Wednesday, July 23, 2008

The Dogkiller and the Schoolhouse Cows

Let's take a little drive in my neighborhood on this overcast summer day. We'll be near the extinct town of Columbus. A lot of the roads along here don't even have fences or telephone poles, looking much like they have for the last 100 years. Some corn and crops, but mostly too hilly- just cattle grazing.
Down this hill is a sign we noticed recently that I want to show you.

Ah, here it is. The locals have been stopping and reading it, too. The chicory is in bloom along the road, very thick everywhere this year.
I'll walk over a bit closer to the sign. I feel conspicuous parking here in front of their place, but I imagine they're used to it at this point.
Just thought it was a nice sign. Sad story.
Let's get back in and head towards home. Here's my very rad 20-year-old Nissan. We will ride in fine style. My AC even works.
Near the first turn at the crossroads there is a nice old schoolhouse, I think I'll slow down and shoot it.
Hmmm, it seems that it's not entirely vacant.

Yup, there's some moozers in there. There's another one looking at us through the right-hand windy, if you look close.
Educated schoolhouse cows. It's not that hot out; they're not necessarily beating the heat, what are they up to in there?
Nope, you can't reach the forage from there.
More matching bovine in the back end of the building.
One last stare at each other, and then I'll drive on.
A few miles and turns later, and back on good ol' UU road.
My turnout is up the hill and a little notch on the right, visible if you click this up bigger. My place is just offscreen on the hill to the right. Just wanted to run the vehicle a bit today. I'll show off some more sights again soon.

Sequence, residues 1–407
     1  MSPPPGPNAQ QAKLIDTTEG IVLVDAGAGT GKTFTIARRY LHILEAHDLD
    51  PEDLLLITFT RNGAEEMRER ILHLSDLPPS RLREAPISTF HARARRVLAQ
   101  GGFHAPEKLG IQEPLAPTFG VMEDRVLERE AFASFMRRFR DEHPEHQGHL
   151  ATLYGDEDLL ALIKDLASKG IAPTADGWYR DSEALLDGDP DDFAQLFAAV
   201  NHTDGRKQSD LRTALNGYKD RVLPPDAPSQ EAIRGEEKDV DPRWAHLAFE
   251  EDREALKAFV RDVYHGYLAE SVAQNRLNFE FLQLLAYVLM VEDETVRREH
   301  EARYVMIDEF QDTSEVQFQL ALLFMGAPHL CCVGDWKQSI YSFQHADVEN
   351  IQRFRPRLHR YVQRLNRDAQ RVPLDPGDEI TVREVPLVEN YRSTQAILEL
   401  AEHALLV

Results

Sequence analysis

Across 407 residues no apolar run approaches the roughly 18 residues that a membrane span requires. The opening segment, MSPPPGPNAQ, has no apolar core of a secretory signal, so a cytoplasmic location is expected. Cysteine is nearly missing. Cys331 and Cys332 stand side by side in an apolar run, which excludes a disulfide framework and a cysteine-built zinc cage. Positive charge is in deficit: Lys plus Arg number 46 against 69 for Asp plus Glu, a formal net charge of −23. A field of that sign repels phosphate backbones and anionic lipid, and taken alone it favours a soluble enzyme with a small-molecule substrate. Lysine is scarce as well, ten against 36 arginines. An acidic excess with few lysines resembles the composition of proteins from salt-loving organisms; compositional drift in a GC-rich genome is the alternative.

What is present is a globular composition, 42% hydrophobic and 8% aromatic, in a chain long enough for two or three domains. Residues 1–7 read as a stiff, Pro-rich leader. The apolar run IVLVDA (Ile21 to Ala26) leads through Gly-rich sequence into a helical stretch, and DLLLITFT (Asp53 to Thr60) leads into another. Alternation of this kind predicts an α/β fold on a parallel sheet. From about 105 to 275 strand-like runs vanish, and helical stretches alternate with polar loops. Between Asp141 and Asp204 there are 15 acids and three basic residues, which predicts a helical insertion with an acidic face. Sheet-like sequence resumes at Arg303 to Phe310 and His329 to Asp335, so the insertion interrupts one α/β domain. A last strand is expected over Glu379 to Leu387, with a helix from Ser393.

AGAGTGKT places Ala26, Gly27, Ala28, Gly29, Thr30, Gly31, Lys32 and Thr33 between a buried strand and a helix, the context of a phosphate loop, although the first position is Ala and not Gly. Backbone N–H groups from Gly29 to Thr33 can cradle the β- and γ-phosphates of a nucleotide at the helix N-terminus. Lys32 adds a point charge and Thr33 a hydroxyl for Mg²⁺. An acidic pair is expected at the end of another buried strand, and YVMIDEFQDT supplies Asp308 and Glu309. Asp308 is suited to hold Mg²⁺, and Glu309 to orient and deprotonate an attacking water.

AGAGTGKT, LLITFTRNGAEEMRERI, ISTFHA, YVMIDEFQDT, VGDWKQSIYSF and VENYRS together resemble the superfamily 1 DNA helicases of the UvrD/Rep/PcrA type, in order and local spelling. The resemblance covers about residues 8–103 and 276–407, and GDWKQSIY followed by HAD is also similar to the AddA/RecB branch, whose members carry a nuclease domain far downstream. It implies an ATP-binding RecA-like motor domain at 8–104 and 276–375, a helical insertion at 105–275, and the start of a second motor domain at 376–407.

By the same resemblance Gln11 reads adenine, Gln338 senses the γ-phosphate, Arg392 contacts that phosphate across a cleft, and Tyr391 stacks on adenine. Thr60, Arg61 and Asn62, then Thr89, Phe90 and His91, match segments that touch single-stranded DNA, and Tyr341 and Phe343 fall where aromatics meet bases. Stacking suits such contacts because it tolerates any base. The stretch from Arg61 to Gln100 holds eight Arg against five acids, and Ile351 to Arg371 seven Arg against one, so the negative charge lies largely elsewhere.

And remember- Stop Stoppy!
Until then:

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Monday, July 07, 2008

Palingenesis : The RUBOTTOM Family in Missouri

I can trace my grandfather, Ray C. Rubottom, back to Ezekiel, the second Rubottom born in the U.S.
Ray's great-great grandfather, Thomas, came over from the Southeast corner of Lancashire, England, in 1763, and had his first son, Simon, in 1769, in Orange County, North Carolina, near present-day Siler City.
Ray came down from second son Ezekiel's line. 'Zeke was born in 1824, and Ray in 1890.
Ray is seen below, second from left, in 1914, (at about 24 years old) in the play Captain Racket. This is my earliest surviving picture of him.
Here's Ray on the far right, in front of the location of his first job, in Bismarck, Missouri. His Uncle John Hunter is in the center. I love Ray's sweater!
'Looks to me like the place right next door has recently suffered a fire or something, it's boarded-up and being worked on.
The earliest picture of my grandmother, Lucille Thompson. Shown with a Bismarck, Missouri school class in 1915. She would have been about 14 at the time.
Her folk's house in Belleview, Missouri. No longer standing.
Lucille in 1917, probably leaning on the Thompson house.
Lucille again. No date. There were a lot of pictures of her in the family files, and I liked so many of them that it was hard to narrow-down the ones to put in here. This one was an easy choice.
Like it says, below, no one knows who this is for sure,
but I like the pictures anyhoo.

Ray with a couple of friends. And his loud socks.
Two more photos from the files that we don't know anything about. Little biker Edward Coker could be a relation, and the bridge on the right is a very typical Missouri bridge and view, but I don't know who the fellas are.
Lucille and chix, 1917.
Cousins Mayme Signer, Celeste Burton, and Lucille.
"Lucille at 17."
A pensive Lucille in 1918.
Lucille in August, 1918. Three photos ahead, we see the same car parked in the same spot, one year later. A beautiful convertible.